New Year’s Resolution #2:¬†Update this blog more. Okay, just write in it, since I seem to have not done that since August.

I kind of got sidetracked when a lot of things happened this summer. Before that, the blog was a useful tool to get my ideas out there into the world, as well as to brainstorm about things. I really want to get back to that.

Here are some posts that I’m currently thinking about:

  • A review of two talks I did this fall semester.
  • Tales of an eLinguist in Europe – from my travels to Prague, Vienna, Budapest, and Salzburg during November.
  • A discussion of Prezi, an alternative to PowerPoint, and how I use it in my grad student life.
  • Musings on the effect of the new Looking For Raid system on World of Warcraft society.

Any requests?


A Schedule Conundrum

So for this next school year, I’m facing something I’ve never faced before – a totally open schedule. I got a Mellon Award, which means that I don’t have to teach or be an assistant of any type. The plan is to get work done towards finishing my degree, which is finishing up that second QP and beginning dissertation work.

This is at once exciting and terrifying for me. I’m excited to have the time and energy to devote to my graduate work, but I fear the open schedule. I’ve never really experienced anything like that before, since I have always had something around which to plan my time. It’s always been classes, or a teaching schedule, or a job with regular hours. What do I do with an open schedule?

I’ve tried making a schedule for myself, but I’m struggling with how to do it. Big blocks of time devoted to one thing? Fifteen minute chunks of work on several different things? Do I work from home? Work from the office at school?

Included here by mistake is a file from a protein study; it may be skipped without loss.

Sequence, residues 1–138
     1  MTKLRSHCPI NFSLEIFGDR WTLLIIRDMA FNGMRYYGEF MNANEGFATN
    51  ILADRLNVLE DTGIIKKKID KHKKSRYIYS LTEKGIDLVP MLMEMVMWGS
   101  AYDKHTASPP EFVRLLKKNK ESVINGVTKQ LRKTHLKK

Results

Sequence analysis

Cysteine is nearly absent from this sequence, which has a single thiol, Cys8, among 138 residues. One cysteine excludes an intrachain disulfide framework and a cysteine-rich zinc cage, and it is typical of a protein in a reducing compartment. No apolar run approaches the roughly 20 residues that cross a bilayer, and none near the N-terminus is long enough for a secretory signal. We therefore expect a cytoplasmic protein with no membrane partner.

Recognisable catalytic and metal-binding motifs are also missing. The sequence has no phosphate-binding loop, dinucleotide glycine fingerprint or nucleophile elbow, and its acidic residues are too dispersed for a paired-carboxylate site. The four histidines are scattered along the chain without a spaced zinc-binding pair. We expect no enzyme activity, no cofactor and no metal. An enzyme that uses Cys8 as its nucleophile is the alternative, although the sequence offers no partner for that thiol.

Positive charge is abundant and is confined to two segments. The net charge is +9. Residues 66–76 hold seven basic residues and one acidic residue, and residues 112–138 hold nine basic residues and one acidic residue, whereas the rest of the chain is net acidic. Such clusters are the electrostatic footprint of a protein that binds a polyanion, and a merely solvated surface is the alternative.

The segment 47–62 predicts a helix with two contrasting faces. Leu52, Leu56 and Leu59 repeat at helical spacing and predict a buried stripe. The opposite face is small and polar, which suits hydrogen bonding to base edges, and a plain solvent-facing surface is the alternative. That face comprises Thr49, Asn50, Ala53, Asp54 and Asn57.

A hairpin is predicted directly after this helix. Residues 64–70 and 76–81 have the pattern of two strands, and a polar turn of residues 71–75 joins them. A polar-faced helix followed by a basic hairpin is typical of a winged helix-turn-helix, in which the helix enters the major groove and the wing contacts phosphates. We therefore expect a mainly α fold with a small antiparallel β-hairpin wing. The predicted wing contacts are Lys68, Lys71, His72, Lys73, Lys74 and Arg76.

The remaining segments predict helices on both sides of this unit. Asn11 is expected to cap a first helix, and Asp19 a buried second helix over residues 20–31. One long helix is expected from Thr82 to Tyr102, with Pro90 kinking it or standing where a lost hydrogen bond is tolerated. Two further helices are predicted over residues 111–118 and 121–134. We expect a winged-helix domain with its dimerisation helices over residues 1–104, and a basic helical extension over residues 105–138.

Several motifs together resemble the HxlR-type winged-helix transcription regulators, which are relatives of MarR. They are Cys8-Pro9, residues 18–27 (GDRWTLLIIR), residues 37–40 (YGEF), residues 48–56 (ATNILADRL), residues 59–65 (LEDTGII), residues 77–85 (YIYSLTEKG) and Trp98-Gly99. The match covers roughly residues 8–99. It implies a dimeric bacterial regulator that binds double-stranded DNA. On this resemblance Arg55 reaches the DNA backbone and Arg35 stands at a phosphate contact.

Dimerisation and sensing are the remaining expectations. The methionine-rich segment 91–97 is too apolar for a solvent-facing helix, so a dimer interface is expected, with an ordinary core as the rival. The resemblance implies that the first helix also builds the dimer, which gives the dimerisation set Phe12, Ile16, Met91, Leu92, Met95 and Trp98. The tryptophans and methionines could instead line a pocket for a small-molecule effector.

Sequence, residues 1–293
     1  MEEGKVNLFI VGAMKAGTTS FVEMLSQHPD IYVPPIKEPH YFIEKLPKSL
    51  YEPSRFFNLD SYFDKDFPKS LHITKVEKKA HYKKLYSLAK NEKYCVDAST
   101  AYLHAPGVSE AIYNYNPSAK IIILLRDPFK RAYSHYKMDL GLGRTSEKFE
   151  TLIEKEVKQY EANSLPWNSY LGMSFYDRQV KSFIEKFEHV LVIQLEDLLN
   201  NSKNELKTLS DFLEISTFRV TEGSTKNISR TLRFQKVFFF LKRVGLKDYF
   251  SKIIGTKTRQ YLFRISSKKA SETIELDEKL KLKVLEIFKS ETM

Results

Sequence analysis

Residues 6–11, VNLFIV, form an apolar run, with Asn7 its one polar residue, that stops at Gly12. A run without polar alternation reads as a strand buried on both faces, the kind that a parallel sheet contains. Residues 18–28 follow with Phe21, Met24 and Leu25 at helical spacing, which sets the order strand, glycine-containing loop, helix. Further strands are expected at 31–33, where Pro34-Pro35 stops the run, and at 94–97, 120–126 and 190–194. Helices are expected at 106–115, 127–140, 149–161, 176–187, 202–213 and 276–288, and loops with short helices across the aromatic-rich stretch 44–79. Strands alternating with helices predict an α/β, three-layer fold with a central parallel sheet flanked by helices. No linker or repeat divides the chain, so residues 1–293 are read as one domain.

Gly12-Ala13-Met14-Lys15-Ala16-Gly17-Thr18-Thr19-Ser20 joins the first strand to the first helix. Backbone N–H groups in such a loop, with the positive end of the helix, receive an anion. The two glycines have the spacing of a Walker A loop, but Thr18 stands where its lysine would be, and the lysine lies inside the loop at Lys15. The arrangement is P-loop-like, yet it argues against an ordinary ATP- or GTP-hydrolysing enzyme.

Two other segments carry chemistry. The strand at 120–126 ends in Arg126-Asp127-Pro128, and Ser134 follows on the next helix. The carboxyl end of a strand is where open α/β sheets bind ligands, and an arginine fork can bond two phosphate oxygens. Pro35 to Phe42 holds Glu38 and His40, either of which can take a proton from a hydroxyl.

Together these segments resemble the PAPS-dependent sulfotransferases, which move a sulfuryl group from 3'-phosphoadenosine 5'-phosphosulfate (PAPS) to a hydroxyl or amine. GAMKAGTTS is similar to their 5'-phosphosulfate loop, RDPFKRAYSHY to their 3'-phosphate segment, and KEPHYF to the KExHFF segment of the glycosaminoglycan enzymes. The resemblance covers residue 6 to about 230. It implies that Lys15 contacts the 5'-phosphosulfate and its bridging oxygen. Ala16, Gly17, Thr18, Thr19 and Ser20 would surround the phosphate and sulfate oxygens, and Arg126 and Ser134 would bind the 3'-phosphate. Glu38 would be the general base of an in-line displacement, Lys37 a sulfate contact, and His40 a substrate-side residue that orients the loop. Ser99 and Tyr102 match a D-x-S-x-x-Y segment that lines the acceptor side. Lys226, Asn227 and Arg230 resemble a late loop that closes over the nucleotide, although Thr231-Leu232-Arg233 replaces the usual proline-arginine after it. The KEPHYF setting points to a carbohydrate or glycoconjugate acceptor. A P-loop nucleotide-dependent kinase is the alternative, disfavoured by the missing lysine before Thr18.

I’m interested in input from others who have had to make a similar adjustment. What time management strategies worked for you?


I admit it — as far as I can tell, I made up the term “eLinguist” and “eLinguistics”.

I don’t say that to mean “Hey, I’m the originator of this term, give me credit where it’s due!”, but rather to mean, “There may be a better word for what I do, but I can’t figure it out”.

One of the most popular terms that floats around is CMC, or Computer-Mediated Communication. This term has morphed into CMD (Computer-Mediated Discourse), and recently CMCMC (Convergent Media Computer-Mediated Communication), among others.

I’ve seen the variety of English that is used online referred to by many names — Online English, Internet English, eEnglish, eSpeak, netspeak, etc. I even called it “Online Written English (OWE)” once, in a somewhat tongue-in-cheek attempt to give it a dialectal name.

The point is that, as far as I can tell, we don’t know what to call ourselves, those of us who study Computer-Mediated Communication. Linguists who study syntax are called syntacticians, linguists who study social uses of language are called sociolinguists; I count myself as a sociolinguist, a discourse analyst, but more than those, I am a linguist who studies CMC. We don’t have a fancy name. When I was asked to define myself several years ago, I came up with the term “e-linguist” on the spot, and I’ve used it ever since.